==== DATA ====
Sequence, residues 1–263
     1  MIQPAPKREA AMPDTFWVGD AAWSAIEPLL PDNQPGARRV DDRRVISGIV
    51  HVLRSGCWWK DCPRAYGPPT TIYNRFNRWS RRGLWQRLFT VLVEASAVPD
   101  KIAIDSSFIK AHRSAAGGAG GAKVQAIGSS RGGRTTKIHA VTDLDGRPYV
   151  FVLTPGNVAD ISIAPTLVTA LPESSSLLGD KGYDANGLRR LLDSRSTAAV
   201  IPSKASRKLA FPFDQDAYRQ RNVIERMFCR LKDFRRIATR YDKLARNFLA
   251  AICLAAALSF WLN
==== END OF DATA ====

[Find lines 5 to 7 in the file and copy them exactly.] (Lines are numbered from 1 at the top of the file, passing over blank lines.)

   151  FVLTPGNVAD ISIAPTLVTA LPESSSLLGD KGYDANGLRR LLDSRSTAAV
   201  IPSKASRKLA FPFDQDAYRQ RNVIERMFCR LKDFRRIATR YDKLARNFLA
   251  AICLAAALSF WLN